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Shylock is definitely the most complicated character in the Merchant of Venice. Moreover, this person is among the most complex and bewildering heroes of all Shakespeare works. Although, from the first glance, Shylock seems to be a pure villain, the reader develops a feeling of sympathy for the character. Therefore despite all the negative features that Shylock possesses, he is still a victim.
This character is clearly the villain. He constantly benefits from people in vulnerable situations. In fact, this is how Shylock achieves financial success. He is a stereotypical Jew, who knows the value of money and even occupies the “classical” Jewish position of a guarantor. Sometimes it seems that Shylock values money even more than his daughter. “My daughter! O my ducats! O my Christian ducats!” (Shakespeare 31) screams Shylock when he finds out that his daughter has fled with his money. It seems he is even more bothered about the disappearance of money than with the escape of his child.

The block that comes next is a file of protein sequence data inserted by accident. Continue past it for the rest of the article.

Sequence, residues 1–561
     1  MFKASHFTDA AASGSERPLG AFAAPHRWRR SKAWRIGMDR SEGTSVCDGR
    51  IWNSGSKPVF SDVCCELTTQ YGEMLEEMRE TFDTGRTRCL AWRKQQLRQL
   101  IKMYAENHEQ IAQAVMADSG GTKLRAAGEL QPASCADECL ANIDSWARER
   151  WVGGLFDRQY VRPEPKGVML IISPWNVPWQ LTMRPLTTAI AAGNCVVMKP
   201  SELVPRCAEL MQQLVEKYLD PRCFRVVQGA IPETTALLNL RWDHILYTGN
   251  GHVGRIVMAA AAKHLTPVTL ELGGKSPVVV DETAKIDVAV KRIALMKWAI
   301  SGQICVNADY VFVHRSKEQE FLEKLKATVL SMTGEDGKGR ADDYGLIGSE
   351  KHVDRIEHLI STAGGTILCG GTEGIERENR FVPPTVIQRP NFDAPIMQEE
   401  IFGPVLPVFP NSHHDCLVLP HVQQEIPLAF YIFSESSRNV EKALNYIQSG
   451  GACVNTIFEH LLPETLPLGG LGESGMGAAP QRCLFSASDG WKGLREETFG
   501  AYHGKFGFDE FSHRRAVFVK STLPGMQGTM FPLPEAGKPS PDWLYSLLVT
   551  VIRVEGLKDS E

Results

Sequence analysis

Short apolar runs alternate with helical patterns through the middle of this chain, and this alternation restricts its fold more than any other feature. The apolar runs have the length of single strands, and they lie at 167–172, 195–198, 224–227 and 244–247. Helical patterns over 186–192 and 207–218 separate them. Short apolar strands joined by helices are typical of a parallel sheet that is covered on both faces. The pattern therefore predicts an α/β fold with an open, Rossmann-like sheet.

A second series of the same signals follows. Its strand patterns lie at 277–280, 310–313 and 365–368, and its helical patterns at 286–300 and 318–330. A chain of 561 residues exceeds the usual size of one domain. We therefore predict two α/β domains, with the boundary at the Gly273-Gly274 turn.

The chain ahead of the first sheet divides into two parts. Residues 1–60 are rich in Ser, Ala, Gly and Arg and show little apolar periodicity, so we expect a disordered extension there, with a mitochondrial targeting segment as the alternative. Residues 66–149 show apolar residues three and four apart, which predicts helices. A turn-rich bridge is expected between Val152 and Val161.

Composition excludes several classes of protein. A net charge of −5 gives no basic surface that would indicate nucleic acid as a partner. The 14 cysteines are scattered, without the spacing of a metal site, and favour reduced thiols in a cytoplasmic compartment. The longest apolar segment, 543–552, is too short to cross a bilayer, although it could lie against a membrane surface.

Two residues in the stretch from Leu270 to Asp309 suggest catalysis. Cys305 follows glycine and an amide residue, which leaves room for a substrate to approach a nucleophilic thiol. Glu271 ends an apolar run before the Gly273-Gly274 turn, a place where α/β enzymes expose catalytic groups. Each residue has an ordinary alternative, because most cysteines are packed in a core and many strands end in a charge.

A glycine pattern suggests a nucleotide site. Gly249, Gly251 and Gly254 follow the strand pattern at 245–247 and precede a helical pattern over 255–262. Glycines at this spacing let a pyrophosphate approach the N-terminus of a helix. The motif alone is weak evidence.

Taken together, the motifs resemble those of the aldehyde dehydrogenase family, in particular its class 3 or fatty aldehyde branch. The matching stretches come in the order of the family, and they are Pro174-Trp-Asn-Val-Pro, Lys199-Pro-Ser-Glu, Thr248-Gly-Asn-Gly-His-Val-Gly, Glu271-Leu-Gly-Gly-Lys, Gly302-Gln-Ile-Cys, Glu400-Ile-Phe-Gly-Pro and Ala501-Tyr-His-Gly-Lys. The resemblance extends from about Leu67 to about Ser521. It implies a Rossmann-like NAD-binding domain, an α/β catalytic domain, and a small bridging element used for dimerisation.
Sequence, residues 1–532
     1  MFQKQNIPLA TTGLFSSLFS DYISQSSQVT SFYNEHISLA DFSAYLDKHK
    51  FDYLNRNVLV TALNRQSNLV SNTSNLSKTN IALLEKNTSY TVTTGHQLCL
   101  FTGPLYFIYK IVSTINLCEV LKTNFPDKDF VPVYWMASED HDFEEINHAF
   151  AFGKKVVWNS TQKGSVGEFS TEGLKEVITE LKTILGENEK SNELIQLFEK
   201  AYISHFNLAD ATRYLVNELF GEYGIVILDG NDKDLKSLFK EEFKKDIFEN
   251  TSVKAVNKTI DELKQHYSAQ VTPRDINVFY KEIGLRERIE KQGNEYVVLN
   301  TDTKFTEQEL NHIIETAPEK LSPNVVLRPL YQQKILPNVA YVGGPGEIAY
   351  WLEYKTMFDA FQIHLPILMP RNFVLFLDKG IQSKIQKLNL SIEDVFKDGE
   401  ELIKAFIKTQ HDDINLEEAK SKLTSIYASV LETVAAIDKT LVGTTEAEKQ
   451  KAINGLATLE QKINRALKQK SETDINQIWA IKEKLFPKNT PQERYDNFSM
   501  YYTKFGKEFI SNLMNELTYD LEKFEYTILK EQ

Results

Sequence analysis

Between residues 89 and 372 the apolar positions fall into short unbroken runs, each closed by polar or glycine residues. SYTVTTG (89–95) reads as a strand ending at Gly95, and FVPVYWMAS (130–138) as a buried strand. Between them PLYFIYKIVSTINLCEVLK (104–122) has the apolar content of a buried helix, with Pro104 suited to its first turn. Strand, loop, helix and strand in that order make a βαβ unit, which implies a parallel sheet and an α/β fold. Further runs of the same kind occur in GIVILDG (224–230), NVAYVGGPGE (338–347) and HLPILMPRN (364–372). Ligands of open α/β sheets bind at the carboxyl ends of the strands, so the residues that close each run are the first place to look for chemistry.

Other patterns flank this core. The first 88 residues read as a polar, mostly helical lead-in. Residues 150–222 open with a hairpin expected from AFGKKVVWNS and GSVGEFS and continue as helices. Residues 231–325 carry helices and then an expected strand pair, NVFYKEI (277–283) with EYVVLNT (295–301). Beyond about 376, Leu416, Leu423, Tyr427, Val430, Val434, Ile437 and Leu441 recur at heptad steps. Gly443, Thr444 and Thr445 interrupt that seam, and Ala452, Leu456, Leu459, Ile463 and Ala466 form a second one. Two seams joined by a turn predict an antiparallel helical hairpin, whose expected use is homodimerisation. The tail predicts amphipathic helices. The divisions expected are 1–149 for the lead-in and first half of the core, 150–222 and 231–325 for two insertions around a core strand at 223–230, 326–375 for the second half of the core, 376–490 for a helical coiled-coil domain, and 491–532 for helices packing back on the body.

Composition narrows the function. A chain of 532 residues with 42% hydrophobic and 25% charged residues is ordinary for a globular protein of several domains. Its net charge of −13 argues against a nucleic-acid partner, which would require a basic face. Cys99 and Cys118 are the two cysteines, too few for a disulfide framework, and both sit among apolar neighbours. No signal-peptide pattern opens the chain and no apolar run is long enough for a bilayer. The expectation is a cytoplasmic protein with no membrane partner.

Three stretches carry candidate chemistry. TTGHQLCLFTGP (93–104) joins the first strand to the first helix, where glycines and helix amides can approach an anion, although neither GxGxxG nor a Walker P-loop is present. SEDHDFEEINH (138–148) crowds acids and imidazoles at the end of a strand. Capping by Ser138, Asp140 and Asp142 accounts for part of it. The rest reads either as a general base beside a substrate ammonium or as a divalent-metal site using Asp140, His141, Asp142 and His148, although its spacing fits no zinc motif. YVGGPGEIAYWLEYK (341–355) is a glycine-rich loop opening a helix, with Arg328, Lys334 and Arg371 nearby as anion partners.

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At the same time, there are situations that show the humane part of Shylock. When the main family treasure is sold, he worries not about money but about memories that this item had: “I would not have given it for a wilderness of monkeys” (Shakespeare 38). This shows that there is much more in the character of Shylock than just a greedy merchant.
It seems like the attitudes of the society to Shylock formed the current state and perceptions of his character; he has never been understood and perceived only as a Jew. Thus, he has been mocked and treated disrespect, which has formed Shylock’s attitudes to life and people. As a result, people see evil and greedy character who is alienated from everyone, even his daughter is not a close person. Thus, while being a villain, Shylock is also a victim.
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